The market stabilized with the start of the third-quarter earnings season, with early earnings reports calming fears of deteriorating profits and pushing Fed policy concerns into the background. Overall, earnings weren't great, but the bar was low, that most companies exceeded Wall Street's expectations. With 99% of all S&P 500 companies reporting, 70% of companies checked in with a positive earnings surprise.2

Stocks added to their gains in November on growing investor optimism for a slowdown in future rate hikes. After the Federal Open Market Committee (FOMC) announced a 75 basis point rate hike at the start of the month, stocks retreated on hawkish comments by Fed Chair Powell in his post-meeting press conference. However, markets staged a quick recovery following a cooler-than-expected inflation number that ignited a rally that lifted stocks to their biggest one-day gain in two years.3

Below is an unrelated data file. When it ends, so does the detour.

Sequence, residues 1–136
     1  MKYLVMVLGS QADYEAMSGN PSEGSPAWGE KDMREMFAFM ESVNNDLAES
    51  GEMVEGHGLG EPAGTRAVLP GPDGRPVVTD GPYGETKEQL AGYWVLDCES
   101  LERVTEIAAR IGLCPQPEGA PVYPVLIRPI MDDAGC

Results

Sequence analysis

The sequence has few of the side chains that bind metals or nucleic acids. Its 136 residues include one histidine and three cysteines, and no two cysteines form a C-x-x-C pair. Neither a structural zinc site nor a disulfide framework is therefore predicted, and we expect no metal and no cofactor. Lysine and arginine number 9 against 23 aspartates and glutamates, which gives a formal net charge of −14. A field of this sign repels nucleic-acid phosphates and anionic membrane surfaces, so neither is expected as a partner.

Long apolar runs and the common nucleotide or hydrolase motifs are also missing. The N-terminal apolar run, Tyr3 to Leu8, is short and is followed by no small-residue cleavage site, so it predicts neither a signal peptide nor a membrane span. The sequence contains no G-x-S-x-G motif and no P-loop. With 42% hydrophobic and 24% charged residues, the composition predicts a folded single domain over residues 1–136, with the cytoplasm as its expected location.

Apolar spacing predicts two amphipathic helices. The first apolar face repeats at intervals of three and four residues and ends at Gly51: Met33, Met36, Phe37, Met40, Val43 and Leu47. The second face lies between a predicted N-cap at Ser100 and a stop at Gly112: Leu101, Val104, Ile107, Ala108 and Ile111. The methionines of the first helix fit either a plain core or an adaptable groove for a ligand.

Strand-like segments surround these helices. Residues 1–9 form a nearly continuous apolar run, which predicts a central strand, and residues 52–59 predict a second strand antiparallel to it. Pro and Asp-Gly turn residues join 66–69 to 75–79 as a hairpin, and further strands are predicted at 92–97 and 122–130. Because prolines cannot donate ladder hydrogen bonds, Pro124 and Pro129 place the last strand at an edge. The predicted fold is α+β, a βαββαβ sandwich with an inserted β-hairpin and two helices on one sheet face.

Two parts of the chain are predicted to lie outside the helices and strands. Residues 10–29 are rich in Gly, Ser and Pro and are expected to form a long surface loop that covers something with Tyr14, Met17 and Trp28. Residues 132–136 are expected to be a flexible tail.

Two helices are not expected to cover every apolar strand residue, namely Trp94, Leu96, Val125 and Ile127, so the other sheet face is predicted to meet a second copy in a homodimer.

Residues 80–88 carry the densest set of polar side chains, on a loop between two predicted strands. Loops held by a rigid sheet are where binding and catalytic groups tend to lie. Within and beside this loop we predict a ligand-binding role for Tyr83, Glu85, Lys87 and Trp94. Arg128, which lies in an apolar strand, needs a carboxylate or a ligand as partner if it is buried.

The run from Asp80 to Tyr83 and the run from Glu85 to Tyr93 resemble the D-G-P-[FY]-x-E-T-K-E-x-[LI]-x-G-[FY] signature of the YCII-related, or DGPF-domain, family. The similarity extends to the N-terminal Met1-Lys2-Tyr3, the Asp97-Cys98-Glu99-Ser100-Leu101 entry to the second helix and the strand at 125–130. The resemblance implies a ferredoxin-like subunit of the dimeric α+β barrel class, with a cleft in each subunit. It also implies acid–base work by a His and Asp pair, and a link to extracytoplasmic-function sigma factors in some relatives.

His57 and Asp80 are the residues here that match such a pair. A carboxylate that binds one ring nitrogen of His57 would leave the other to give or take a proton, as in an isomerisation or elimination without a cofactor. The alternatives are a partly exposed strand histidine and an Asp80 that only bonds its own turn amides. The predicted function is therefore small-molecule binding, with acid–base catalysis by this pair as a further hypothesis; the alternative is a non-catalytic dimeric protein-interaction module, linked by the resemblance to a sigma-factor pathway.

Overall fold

Despite a stream of comments from multiple Fed officials that discouraged the easing-rate-hike narrative, stocks continued to climb, boosted by upside surprises in new economic data and strong earnings from retailers. Markets received an added boost in November when Powell indicated that a slowdown in rate hikes was appropriate and may begin as early as December.

Stocks opened December by surrendering some of the earlier months' gains as recession fears dragged on investor sentiment. The Fed announced another rate hike of 50 basis points, widely expected by the market. Still, the increase in the terminal rate (i.e., the rate at which the Fed stops further rate hikes), along with weak economic data, elevated recession worries and closed the quarter and the year on a muted note.